The government announced that the fuel subsidy was going to be removed by January 2012 and this announcement was not welcomed by the Nigeria Labour Congress. Abdulwahed Omar, the then NLC president challenged the government that there will be widespread protests test in Nigeria if it continued with its plans to remove fuel subsidies.

The NLC was able to rally other trade unions and civil societies to support its planned protest.

This challenge was marked by actions when the government moved on with the removal of payments for subsidies.

By 9 January 2012, mass protests erupted around Nigeria and in major cities including Lagos, Abuja, Port Harcourt, and Kano.

The protests crippled the economy as there was a total shutdown of the nation’s different workforce and it lasted more than five working days.

This led the then-president Jonathan to announce on live TV that government will now subsidize fuel prices and red theme it to about $2.75 a gallon.

The protest was eventually suspended after this broadcast by the federal government.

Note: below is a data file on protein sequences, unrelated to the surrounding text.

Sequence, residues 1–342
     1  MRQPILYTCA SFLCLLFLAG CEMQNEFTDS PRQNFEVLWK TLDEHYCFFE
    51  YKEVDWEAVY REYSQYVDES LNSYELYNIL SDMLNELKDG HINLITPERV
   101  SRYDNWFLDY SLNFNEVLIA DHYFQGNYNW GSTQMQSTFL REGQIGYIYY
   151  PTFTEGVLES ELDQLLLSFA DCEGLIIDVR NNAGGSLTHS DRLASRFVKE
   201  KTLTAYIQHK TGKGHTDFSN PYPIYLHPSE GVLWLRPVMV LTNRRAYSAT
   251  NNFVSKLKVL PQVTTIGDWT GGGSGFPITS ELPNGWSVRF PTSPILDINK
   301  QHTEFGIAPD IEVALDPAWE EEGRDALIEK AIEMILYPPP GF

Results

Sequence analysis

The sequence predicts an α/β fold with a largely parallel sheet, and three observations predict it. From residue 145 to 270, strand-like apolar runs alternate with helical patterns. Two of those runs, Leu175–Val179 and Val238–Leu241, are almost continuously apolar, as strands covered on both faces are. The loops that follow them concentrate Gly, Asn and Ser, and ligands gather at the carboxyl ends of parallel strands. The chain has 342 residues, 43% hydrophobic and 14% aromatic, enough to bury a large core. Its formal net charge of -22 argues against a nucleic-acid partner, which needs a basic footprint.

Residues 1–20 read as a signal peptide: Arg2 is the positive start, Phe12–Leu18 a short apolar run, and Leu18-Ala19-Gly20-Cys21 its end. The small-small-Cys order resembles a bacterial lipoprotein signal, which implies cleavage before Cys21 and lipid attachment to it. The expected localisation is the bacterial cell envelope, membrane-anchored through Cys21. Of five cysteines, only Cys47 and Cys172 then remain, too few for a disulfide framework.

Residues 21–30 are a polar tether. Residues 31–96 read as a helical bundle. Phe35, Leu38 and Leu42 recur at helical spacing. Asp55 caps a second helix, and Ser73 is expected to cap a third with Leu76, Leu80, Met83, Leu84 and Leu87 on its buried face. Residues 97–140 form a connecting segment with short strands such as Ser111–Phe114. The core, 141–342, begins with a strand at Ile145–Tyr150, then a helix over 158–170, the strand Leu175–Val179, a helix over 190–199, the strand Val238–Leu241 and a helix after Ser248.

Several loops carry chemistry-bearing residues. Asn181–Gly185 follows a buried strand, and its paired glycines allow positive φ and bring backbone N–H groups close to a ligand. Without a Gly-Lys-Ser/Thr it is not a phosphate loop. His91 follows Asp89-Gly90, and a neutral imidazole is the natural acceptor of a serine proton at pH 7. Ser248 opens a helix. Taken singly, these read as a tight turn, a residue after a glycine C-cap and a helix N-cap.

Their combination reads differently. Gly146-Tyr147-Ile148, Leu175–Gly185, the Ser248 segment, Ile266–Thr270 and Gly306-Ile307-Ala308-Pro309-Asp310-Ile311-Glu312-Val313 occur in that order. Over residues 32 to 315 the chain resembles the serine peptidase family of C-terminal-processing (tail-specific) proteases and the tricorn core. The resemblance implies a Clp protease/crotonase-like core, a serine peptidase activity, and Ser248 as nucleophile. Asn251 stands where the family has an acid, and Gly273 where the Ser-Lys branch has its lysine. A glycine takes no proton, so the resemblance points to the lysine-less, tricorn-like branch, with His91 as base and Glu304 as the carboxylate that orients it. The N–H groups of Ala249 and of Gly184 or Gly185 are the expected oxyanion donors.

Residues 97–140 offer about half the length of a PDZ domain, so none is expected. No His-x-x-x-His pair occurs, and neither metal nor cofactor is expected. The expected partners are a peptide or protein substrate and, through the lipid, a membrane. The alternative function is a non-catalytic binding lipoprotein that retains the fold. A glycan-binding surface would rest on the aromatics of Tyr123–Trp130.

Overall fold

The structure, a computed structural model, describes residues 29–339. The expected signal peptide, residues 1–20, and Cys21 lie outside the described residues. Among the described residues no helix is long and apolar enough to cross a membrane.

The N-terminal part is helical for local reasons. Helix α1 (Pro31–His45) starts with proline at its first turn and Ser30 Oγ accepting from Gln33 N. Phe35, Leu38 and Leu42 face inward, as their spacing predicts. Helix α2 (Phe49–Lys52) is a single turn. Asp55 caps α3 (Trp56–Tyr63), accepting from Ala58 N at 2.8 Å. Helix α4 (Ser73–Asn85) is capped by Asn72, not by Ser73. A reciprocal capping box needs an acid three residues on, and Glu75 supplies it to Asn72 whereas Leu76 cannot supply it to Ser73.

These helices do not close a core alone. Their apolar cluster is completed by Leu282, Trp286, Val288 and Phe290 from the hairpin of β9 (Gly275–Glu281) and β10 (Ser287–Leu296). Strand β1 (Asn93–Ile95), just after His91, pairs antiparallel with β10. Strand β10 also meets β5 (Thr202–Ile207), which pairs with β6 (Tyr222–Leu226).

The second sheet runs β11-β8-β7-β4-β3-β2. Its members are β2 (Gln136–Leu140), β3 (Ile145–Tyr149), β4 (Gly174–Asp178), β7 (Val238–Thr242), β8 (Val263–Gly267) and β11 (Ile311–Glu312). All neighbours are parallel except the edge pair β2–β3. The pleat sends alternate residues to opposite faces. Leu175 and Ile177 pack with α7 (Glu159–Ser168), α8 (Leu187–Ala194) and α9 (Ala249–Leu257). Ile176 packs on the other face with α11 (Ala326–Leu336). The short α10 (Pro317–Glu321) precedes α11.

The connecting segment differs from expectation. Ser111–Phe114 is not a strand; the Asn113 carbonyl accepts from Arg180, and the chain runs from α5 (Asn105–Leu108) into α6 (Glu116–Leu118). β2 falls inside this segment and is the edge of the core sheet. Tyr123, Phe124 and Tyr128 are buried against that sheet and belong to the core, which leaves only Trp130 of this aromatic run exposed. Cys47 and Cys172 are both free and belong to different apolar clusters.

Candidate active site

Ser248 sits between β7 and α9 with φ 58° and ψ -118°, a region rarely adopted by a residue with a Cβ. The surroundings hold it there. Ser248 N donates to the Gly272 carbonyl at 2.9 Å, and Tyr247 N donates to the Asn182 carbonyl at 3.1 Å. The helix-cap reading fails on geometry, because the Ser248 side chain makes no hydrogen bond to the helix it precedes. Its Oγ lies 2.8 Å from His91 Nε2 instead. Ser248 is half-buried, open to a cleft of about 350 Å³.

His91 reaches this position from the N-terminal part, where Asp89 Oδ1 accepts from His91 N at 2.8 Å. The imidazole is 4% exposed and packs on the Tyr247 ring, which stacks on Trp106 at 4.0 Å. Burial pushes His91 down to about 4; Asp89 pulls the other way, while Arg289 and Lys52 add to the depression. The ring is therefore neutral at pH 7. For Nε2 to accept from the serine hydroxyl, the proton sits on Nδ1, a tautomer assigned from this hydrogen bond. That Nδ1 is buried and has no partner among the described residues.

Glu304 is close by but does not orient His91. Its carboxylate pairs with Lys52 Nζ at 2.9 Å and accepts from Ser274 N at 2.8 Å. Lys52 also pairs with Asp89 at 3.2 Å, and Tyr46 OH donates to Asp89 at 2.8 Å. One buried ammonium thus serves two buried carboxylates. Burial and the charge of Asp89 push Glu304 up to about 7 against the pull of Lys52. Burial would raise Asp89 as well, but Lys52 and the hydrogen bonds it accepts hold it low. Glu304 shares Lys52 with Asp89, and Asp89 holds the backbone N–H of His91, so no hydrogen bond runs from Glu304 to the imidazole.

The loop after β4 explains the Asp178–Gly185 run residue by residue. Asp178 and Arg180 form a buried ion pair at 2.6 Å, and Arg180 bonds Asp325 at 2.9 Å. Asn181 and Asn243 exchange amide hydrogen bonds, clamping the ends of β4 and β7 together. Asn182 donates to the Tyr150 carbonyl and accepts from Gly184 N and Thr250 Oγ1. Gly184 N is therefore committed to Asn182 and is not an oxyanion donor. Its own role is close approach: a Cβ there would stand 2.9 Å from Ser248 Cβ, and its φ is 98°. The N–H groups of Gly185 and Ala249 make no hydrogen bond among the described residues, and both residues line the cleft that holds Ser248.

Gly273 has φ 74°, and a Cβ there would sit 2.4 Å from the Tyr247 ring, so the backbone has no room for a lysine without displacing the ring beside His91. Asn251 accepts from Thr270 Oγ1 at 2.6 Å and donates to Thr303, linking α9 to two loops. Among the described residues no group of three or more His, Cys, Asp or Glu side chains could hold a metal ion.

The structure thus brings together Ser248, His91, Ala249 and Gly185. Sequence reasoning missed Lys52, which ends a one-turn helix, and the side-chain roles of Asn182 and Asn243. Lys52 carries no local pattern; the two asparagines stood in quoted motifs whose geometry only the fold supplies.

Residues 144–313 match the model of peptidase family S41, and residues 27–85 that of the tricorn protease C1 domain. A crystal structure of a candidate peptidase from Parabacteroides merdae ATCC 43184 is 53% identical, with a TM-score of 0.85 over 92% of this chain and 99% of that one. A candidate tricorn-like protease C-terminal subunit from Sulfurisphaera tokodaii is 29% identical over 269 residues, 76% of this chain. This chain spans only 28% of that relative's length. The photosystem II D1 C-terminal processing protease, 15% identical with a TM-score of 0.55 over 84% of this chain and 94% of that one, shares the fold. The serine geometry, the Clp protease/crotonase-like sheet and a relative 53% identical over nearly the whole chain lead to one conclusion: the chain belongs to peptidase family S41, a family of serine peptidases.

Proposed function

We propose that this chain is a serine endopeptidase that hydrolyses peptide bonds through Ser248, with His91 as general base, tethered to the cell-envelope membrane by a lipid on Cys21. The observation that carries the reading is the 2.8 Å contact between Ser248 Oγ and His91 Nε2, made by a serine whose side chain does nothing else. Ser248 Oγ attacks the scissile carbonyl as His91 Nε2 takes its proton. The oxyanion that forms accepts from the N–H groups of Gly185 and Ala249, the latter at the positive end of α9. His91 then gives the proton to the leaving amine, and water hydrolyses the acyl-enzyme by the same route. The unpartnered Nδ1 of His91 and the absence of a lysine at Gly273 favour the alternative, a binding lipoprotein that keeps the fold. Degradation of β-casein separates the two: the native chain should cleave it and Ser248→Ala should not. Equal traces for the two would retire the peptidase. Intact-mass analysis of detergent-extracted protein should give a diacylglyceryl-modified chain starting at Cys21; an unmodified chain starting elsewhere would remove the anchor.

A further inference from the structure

This protest marks one of the tough protests ever faced by a civilian government in Nigeria and shows the power of the Nigerian Labour Congress.

Since the resumption of President Buhari-led government, Nigerians have waited for a similar NLC, that crumbled the Economy to act.

Worse off is a twin policy crisis, the sudden surge in petroleum products, and the Scarcity of the naira notes after the Central Bank of Nigeria’s Policy to change some of the denominations.

Nigerians have faced the most difficult moment without a place or somewhere to locate the offices of the Labour Congress.

Ask average Nigerians where the office of the one vibrant labor force is, and you will be amazed by the response.

The body, led by the present President, Ayuba Philibus Wabba, has lost its identity over secreted gratification and remained a toothless bulldog.

My concern is that laborers’ hard-earned incomes are still deducted at Source without justification.

The toga, the “UNION” makes us strong has evaporated and condensed in the pockets of the Nigerian government and the center can no longer hold.

NLC has become a shadow of itself, living on life support as citizens grapple for survival amidst the beautiful but poorly timed policy of the CBN and surging fuel purchases across the country.